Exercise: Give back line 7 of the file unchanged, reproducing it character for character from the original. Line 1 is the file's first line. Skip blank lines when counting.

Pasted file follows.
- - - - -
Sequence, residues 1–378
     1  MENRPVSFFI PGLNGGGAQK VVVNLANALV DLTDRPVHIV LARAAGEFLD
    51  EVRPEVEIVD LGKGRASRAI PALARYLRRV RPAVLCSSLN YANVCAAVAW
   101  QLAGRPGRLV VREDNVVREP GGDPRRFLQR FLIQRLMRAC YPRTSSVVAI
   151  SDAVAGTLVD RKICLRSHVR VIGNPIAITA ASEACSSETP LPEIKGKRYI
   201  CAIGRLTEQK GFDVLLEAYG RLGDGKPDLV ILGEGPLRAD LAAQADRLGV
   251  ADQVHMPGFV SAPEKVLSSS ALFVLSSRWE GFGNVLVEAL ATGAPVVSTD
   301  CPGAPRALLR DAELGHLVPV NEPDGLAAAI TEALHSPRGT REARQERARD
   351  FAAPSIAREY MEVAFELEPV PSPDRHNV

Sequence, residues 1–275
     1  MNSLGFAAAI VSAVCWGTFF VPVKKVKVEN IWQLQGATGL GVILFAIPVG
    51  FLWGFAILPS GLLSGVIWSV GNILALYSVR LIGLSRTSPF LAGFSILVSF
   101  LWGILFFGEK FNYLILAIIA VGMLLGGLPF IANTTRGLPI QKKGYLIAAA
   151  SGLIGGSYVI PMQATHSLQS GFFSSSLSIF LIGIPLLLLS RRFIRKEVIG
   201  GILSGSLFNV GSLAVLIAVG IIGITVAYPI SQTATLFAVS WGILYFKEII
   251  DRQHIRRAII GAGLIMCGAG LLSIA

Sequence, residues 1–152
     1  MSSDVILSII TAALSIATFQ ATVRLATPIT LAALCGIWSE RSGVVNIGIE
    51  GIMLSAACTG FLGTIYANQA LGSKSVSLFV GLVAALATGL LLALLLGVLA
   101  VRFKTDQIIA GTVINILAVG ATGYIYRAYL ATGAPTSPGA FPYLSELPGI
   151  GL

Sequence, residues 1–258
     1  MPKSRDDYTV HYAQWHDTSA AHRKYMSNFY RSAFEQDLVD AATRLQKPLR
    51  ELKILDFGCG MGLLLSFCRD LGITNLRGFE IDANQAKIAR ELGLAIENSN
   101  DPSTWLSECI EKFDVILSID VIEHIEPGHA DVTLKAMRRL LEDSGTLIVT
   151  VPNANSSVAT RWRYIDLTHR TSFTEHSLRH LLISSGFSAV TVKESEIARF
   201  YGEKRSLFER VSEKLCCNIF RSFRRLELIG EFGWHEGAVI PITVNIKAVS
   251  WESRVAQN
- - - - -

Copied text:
   251  ADQVHMPGFV SAPEKVLSSS ALFVLSSRWE GFGNVLVEAL ATGAPVVSTD